Apple's latest desktop machine, the M2 Mac Mini, is small but mighty - and it's cheaper than ever at Amazon.
The Apple Silicon transition is essentially complete, with Apple's machines getting a huge power boost and battery efficiency. Things kicked off with the MacBook Pro and MacBook Air, and after a few revisions, it's easy to say the best MacBook for students is par of the current lineup.
Desktops, however, have been a little slower to adapt to the M-series processors. The iMac is still running the M1, while the Mac Pro isn't quite ready to be shown just yet. In between, there are the two "headless" Macs - the Mac Mini and Mac Studio.
While the latter is a little on the pricey side at around $2000, the Mac Mini has arguably never been better - making it worth a look if you're not interested in the best laptops for students.
Amazon's latest round of deals makes the M2 Mac Mini just $499, too. It's a $100 discount that, while not huge, makes it the cheapest way to get into the macOS operating system - albeit with some caveats.
The Mac Mini is able to keep the price down because it doesn't include a monitor, mouse, or keyboard in the box. You'll need to consider that as an additional cost, but the good thing is that it means you can plug in anything you'd like - gaming peripherals, ergonomic options, ultrawide monitors and plenty more.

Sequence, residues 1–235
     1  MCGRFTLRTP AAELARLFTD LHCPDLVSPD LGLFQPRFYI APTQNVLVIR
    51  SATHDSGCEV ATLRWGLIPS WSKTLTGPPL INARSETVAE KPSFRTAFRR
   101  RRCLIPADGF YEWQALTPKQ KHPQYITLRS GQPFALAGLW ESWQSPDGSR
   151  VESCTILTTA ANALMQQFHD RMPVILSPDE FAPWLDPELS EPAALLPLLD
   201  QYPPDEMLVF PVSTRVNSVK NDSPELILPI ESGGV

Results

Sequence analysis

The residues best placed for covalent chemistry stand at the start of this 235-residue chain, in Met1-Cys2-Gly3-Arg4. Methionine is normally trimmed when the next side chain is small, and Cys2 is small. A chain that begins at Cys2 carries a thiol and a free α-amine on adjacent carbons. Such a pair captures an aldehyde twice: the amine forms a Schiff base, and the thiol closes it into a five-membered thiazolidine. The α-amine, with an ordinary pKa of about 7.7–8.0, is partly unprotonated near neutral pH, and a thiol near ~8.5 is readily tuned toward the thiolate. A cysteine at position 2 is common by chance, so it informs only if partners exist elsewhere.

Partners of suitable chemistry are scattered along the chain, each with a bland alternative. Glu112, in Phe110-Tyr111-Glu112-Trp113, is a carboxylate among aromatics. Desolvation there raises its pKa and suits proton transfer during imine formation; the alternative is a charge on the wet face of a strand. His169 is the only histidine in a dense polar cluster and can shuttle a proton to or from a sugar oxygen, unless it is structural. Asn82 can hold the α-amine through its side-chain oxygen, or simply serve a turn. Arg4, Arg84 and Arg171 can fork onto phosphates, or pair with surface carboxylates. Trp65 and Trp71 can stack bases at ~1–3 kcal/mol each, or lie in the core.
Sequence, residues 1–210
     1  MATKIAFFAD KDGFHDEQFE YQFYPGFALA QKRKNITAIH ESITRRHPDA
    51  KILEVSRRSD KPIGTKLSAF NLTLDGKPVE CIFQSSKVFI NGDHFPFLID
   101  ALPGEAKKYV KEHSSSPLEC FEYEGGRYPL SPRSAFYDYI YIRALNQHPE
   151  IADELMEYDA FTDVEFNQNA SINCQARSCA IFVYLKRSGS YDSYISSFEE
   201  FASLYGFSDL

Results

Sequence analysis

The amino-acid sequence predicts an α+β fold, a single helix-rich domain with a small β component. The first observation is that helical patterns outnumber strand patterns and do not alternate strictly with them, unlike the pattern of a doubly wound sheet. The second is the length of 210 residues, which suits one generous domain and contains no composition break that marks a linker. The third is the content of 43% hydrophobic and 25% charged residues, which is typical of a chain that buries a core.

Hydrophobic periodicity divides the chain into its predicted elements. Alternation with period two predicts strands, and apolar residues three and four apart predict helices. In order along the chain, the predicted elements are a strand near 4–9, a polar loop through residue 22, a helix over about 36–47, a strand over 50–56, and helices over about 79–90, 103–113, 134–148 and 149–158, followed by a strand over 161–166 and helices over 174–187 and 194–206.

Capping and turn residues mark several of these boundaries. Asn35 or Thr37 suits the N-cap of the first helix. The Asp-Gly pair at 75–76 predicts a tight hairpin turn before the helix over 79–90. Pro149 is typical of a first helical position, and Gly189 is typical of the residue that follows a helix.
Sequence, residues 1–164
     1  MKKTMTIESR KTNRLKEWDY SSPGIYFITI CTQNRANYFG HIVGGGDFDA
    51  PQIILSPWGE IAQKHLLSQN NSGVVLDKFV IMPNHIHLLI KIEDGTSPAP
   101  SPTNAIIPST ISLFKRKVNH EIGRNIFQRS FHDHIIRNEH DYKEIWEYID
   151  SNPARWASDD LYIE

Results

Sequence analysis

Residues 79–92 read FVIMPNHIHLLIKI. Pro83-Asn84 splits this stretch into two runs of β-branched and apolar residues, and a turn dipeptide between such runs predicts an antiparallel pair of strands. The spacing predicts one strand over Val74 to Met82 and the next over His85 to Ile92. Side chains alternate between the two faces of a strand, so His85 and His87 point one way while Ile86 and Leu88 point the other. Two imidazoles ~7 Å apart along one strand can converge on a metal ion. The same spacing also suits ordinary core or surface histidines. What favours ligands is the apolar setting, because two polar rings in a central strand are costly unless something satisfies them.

There are plenty of ports to accommodate those dreams, too, with HDMI, two USB-A ports, a pair of Thunderbolt 4 USB-C connections, ethernet and a headphone port.
On the inside, the M2 chip offers excellent performance across all kinds of tasks, including video editing, coding, and pretty much anything else you can think of.
Our one issue would be the 256GB of storage, which is low. Still, hooking up another drive will help, but if storage is a big concern for you, you'll find the a decent discount on the 512GB version, too.
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Lloyd Coombes freelance tech and fitness writer for Live Science. He's an expert in all things Apple as well as in computer and gaming tech, with previous works published on TopTenReviews, Space.com, Dexerto and TechRadar. You'll find him regularly testing the latest MacBook or iPhone, but he spends most of his time writing about video games as Editor in Chief at GGRecon.com. He also covers board games and virtual reality, just to round out the nerdy pursuits.